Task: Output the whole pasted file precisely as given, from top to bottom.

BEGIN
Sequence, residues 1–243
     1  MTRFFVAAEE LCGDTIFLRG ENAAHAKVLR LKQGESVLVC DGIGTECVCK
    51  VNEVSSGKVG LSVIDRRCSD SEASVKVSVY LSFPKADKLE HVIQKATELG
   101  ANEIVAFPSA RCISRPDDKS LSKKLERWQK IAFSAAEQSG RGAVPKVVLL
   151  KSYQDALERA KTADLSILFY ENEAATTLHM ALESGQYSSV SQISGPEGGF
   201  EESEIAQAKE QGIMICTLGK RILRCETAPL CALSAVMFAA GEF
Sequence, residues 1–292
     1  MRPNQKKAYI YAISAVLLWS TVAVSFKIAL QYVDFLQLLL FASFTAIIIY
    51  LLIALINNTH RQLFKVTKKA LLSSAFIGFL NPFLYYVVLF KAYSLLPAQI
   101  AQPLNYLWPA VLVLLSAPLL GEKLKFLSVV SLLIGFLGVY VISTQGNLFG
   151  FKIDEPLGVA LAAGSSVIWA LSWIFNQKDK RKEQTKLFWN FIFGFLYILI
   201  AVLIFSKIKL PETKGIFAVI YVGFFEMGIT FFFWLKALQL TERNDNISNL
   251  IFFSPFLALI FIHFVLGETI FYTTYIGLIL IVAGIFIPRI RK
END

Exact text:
Sequence, residues 1–243
     1  MTRFFVAAEE LCGDTIFLRG ENAAHAKVLR LKQGESVLVC DGIGTECVCK
    51  VNEVSSGKVG LSVIDRRCSD SEASVKVSVY LSFPKADKLE HVIQKATELG
   101  ANEIVAFPSA RCISRPDDKS LSKKLERWQK IAFSAAEQSG RGAVPKVVLL
   151  KSYQDALERA KTADLSILFY ENEAATTLHM ALESGQYSSV SQISGPEGGF
   201  EESEIAQAKE QGIMICTLGK RILRCETAPL CALSAVMFAA GEF
Sequence, residues 1–292
     1  MRPNQKKAYI YAISAVLLWS TVAVSFKIAL QYVDFLQLLL FASFTAIIIY
    51  LLIALINNTH RQLFKVTKKA LLSSAFIGFL NPFLYYVVLF KAYSLLPAQI
   101  AQPLNYLWPA VLVLLSAPLL GEKLKFLSVV SLLIGFLGVY VISTQGNLFG
   151  FKIDEPLGVA LAAGSSVIWA LSWIFNQKDK RKEQTKLFWN FIFGFLYILI
   201  AVLIFSKIKL PETKGIFAVI YVGFFEMGIT FFFWLKALQL TERNDNISNL
   251  IFFSPFLALI FIHFVLGETI FYTTYIGLIL IVAGIFIPRI RK